I have always loved C.S. Lewis’ Chronicles of Narnia.
As a child, there was a little pigsty left over from Howard County's farming years that had become hidden and overrun with thorn bushes. The area was nestled behind an apple tree and pushed up against a newly erected chain link fence. The sty had been partly pulled down by mother nature, and wasn't easy to get to. In fact, I think you probably had to be under 10 years old to be able to squeeze through a small animal trail beneath some prickly undergrowth. If you could squeeze through the small tunnel underneath the stickerbushes you'd arrive in a small secure dome of imagination which was held together by the crumbling construct of the sty. I remember making it inside and feeling the soft powdery dirt that lined the floor of the place. The wooden beams were held together by old rusted pieces of metal, and termites had completely eaten through a lot of the roofing. As a result the ground was littered with fine leftover remnants of the soft wood, and the roof was half man-made and half mother nature.
This was the place I called Narnia.
At the time I had only read the first couple of books, and I didn't understand all the Christian allegorical meaning behind all of the passages. All I knew was that the Narnia world sounded wonderful, and the imagery of kids escaping their parents into a secret land was perfect for my imagination. For many months I ruled the inside of this hidden sty as a King, and the myriad of my action figures we're the players in my kingdom.
As an adult, I have recently begun rereading the Narnia Books. And I agree with the sentiment that "Aslan grows bigger as I grow older" (from Prince Caspian). I recently finished reading the fourth book in the series, The Silver Chair. I've noticed so many things in the series that mean so much more to me now. In The Silver Chair, Aslan the Great Lion, sends two children from our world, Jill and Eustace, to find Narnia’s lost Prince Rilian. Their companion on the quest is the ever-serious Narnian Marshwiggle Puddleglum. The apex of The Silver Chair provides a very moving debate, one which I have found myself struggling with throughout my adult life and also as a topic amongst some of my closest friends. The debate comes to a head after the following set up:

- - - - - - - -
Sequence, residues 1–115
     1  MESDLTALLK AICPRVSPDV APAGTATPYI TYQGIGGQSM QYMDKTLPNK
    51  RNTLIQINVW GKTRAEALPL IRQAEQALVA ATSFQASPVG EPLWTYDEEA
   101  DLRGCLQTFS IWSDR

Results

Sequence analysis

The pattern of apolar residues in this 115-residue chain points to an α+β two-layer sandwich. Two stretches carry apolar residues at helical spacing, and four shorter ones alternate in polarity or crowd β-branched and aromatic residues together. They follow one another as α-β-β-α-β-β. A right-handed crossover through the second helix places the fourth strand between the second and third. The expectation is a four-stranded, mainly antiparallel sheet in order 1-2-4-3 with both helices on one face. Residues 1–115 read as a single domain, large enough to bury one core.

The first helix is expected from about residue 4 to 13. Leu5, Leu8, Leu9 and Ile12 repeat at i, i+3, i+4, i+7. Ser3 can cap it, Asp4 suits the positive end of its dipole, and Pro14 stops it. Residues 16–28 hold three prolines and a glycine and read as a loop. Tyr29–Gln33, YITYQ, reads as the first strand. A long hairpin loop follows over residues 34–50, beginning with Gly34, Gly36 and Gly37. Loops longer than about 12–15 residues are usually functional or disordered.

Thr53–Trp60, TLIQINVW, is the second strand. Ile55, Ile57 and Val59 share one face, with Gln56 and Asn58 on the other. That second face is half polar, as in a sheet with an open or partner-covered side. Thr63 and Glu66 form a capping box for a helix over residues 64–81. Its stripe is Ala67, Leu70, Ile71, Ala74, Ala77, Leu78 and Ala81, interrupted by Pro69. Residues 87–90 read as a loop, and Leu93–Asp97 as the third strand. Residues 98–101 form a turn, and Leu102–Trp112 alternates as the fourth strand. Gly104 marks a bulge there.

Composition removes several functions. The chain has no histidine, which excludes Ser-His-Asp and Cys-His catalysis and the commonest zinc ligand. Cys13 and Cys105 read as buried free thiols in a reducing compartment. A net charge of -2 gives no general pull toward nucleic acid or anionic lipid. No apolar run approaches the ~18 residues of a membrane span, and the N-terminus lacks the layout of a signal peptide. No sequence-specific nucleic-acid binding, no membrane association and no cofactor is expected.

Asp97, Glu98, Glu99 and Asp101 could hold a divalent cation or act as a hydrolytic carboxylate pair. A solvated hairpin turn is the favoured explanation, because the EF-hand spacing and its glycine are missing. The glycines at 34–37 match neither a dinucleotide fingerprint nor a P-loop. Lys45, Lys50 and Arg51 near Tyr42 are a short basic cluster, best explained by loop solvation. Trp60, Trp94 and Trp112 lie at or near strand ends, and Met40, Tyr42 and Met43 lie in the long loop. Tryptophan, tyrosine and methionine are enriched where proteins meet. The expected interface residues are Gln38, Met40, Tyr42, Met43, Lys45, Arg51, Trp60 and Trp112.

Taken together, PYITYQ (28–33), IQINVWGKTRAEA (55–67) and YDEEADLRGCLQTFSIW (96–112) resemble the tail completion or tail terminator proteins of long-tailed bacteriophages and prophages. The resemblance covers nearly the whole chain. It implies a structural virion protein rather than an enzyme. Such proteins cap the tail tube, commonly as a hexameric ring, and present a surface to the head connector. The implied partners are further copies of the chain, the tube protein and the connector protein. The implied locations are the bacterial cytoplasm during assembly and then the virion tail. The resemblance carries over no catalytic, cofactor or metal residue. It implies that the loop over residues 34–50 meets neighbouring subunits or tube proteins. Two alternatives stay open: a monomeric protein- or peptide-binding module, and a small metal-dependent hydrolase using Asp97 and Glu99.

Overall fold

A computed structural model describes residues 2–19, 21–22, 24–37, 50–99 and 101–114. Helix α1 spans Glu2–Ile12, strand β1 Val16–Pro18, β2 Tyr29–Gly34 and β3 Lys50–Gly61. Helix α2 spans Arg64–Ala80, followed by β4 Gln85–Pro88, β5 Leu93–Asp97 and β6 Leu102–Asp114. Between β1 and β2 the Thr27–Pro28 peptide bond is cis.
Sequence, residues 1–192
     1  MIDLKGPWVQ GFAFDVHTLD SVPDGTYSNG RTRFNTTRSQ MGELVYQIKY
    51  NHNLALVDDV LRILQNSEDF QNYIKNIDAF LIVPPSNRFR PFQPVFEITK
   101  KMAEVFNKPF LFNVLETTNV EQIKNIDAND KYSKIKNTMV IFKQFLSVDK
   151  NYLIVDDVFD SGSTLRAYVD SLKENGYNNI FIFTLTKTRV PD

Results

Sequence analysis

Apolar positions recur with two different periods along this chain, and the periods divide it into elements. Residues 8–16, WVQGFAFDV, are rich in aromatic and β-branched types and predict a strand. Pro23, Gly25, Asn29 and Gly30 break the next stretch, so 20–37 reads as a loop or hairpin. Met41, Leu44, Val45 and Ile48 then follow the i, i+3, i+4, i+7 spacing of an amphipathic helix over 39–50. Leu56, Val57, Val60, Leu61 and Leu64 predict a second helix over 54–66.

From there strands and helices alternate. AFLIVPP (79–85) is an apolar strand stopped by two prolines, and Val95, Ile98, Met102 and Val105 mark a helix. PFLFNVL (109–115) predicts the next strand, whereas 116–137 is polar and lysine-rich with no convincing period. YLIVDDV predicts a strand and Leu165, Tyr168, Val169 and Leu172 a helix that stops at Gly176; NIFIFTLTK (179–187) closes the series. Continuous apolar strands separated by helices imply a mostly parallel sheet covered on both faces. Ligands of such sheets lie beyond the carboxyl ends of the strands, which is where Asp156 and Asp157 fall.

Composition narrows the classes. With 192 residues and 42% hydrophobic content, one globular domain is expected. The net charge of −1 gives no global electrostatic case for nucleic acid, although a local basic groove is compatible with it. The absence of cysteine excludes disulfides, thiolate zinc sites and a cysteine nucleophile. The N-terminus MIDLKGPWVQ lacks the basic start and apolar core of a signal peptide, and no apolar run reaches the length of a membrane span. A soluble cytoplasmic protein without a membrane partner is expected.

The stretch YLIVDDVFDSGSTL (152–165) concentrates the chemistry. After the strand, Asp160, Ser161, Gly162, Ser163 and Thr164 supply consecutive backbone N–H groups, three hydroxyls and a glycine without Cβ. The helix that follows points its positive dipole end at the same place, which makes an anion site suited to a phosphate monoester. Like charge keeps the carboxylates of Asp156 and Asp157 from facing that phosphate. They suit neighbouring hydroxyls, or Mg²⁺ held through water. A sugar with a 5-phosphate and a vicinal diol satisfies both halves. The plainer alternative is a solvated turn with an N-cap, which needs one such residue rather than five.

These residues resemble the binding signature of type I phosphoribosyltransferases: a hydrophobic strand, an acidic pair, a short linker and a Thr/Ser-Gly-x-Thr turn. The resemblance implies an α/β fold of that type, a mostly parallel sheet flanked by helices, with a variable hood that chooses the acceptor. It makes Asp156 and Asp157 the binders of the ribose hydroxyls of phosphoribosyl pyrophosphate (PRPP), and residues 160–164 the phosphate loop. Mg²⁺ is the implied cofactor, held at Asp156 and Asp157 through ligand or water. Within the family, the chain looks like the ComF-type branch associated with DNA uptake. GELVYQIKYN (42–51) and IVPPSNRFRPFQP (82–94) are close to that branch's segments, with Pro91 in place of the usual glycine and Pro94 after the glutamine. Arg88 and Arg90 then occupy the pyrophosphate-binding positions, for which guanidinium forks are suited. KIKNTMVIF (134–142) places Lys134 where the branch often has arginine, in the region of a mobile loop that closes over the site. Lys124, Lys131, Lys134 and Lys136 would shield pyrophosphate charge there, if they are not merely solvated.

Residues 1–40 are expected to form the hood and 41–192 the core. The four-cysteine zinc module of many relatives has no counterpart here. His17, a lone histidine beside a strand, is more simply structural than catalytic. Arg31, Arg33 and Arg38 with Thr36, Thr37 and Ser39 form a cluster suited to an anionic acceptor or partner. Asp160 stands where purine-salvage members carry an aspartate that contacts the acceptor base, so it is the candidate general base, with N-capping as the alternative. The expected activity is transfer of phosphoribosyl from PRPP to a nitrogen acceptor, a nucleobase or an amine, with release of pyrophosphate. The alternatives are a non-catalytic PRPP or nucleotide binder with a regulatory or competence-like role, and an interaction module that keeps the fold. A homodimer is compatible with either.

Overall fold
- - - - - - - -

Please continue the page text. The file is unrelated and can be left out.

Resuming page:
After a long and dangerous journey, Puddleglum and the children have found the lost Prince and freed him from the enchantment that bound him to the Green Witch and her dark underground realm. Before they can escape, though, the Witch appears - determined stop them. She uses her powers to try and persuade the children that all the things they believe in - the sun, sky, their own world, the land of Narnia, and even Aslan - are nothing more than an old dream, a game of imagination, a children’s story - while her cold, lightless, joyless kingdom of Underland is the only real world. She laughs at them for only being able to vaguely describe the memory they were introduced to in their own world. She mocked..."you imagined a bigger and better lamp and called it the sun . . . you want a bigger and better cat, and it’s to be called a lion."
In response, Puddleglum gives one of the best speeches in the book, and it was something I really responded to last night as I read it. I had been contemplating the world a couple millennia ago as Christ lay silent in the tomb and his disciples were on the run...hiding and afraid. I thought what many Christians probably think when they're being honest with themselves. Is it really possible? Was he real? Did this really happen? Did he defeat death and rise? Can I live my life according to this truth? What about all those 'free thinkers' who say I'm crazy, that anyone that believes in this stuff is living in a fantasy land. The witch was trying to convince me that my memory of truth was a mirage created by my false hopes.